2013 Community Banking Performance: A Year of Recovery
While 2013 may have been a year to clean up the remaining problems from the financial crisis, it appears as though 2014 will be a year of planning and transition for many community banking organizations.
NIM at District community banks averaged 3.86 percent at year-end 2013, up 3 bps from the third quarter, but still down 11 bps from year-end 2012. The trend nationally among community banks was much the same,  with average NIM rising 3 bps in the fourth quarter to 3.79 percent. Rising interest income and declining interest expenses boosted margins at community banks both nationally and in the District in the fourth quarter. With most bankers still reporting tepid loan demand, it is doubtful margins  will rise significantly anytime soon. Loans as a percentage of assets hovers close to 60 percent on average at Dis-trict banks, which is about 10 percent-age points below its precrisis level. Further, net noninterest expenses have crept up in recent quarters, put-ting added pressure on earnings.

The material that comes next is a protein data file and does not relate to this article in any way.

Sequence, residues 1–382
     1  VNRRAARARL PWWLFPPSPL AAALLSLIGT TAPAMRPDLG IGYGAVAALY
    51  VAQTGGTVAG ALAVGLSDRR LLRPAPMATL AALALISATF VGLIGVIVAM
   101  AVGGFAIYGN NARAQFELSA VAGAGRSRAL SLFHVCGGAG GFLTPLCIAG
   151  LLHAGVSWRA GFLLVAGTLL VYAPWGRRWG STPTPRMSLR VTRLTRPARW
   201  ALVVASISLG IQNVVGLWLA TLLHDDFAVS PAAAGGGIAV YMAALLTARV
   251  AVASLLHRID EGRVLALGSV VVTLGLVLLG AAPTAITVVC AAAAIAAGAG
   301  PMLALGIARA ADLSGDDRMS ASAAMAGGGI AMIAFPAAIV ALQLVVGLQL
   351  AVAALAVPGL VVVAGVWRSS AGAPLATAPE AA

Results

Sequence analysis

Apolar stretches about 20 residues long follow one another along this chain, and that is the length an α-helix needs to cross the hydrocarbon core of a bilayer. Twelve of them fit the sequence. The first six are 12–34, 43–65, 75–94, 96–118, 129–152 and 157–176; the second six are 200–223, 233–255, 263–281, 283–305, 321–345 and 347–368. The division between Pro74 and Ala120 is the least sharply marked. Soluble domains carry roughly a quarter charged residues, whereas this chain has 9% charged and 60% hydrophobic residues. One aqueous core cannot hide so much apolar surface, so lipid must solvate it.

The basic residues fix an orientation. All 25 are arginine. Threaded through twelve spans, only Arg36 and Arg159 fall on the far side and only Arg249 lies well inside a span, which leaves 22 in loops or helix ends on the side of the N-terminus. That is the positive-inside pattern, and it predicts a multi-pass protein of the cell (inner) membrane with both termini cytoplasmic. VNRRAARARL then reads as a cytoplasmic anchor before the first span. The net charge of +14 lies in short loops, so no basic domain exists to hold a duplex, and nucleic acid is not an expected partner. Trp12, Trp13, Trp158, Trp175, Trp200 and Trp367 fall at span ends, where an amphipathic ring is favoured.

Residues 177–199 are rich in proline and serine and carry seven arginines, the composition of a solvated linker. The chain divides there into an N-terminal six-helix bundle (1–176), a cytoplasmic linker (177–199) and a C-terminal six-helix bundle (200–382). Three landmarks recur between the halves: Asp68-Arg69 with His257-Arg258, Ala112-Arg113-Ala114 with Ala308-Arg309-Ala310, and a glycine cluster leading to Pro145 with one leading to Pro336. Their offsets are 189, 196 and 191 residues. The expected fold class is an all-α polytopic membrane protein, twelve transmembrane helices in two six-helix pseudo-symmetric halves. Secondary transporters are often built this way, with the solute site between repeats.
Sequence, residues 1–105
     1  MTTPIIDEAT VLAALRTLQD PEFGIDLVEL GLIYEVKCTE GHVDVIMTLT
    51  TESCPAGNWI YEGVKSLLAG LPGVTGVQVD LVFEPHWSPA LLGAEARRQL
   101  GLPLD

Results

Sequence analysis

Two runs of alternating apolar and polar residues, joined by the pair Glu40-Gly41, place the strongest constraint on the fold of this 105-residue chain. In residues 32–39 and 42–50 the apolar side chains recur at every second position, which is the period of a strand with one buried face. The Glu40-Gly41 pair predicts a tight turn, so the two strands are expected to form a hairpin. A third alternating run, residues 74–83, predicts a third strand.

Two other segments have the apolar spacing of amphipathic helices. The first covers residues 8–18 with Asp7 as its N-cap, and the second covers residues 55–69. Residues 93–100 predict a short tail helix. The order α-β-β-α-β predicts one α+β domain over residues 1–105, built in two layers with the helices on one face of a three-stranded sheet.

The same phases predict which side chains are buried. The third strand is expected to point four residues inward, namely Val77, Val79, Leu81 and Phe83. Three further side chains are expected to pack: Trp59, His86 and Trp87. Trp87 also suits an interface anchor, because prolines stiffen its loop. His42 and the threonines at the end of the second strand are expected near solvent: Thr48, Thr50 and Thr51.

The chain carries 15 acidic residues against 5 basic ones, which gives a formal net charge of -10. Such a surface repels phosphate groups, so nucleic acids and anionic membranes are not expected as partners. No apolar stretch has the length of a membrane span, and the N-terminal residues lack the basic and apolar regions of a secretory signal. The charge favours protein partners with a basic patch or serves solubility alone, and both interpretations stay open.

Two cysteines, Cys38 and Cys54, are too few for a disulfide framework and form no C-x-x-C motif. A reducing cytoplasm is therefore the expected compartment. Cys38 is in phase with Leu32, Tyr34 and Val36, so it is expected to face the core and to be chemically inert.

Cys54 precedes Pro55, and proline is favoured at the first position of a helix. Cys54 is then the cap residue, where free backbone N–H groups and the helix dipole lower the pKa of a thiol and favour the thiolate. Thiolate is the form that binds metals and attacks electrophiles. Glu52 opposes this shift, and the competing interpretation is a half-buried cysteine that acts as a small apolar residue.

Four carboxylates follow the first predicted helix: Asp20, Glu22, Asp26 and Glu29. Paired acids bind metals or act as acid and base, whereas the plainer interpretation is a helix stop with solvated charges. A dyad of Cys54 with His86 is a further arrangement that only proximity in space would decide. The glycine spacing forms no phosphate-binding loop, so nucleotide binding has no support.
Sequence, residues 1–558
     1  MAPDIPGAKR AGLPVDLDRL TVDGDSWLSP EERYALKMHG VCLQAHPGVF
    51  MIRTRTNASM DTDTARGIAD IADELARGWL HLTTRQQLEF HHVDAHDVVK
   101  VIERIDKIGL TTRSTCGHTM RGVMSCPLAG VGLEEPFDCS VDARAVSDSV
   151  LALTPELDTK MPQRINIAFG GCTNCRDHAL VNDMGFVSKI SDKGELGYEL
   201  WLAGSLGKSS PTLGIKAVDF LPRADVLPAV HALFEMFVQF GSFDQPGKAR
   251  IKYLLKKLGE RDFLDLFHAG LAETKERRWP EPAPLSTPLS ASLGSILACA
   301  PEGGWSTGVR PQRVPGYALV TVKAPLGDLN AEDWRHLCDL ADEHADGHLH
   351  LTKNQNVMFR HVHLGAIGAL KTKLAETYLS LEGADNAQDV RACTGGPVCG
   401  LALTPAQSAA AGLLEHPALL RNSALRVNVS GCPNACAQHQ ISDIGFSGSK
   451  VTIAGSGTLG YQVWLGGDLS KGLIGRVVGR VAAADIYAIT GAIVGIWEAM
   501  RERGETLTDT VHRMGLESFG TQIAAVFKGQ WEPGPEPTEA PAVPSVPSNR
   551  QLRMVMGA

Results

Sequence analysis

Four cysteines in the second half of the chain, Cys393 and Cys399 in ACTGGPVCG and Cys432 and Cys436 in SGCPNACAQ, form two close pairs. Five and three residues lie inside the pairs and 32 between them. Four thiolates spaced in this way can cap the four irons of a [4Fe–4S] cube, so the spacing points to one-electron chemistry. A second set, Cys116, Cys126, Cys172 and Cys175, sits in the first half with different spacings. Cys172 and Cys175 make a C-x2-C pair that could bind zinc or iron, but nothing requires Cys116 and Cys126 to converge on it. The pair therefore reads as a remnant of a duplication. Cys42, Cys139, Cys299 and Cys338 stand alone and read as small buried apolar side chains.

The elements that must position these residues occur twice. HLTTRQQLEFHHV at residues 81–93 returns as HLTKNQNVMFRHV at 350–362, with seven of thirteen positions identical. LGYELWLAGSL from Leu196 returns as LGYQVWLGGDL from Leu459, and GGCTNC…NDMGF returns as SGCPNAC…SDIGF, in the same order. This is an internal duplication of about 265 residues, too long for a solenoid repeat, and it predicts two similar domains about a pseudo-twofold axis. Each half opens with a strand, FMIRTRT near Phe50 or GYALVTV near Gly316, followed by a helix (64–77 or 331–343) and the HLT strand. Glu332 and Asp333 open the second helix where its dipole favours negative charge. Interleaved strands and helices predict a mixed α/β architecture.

Noninterest Expense
The net noninterest expense ratio—noninterest expenses less noninter-
 
Selected St. Louis Fed Sites
Dodd-Frank Regulatory Reform Rules
 www.stlouisfed.org/rrr
FRED
®
 (Federal Reserve Economic Data) www.research.stlouisfed.org/fred2
Center for Household Financial Stability
®
 
www.stlouisfed.org/HFS
 
 News and Views for Eighth District Bankers
Vol. 23 | No. 4www.stlouisfed.org/cb
EDITOR
RC Balaban314-444-8495robert.c.balaban@stls.frb.org
Central Banker 
 is published quarterly by the Public Affairs department of the Federal Reserve Bank of St. Louis. Views expressed are not necessarily official opinions of the Federal Reserve System or the Federal Reserve Bank of St. Louis.Subscribe for free at
www.stlouisfed.org/cb
 to receive the online or printed
Central Banker 
. To subscribe by mail, send your name, address, city, state and ZIP code to:
Central Banker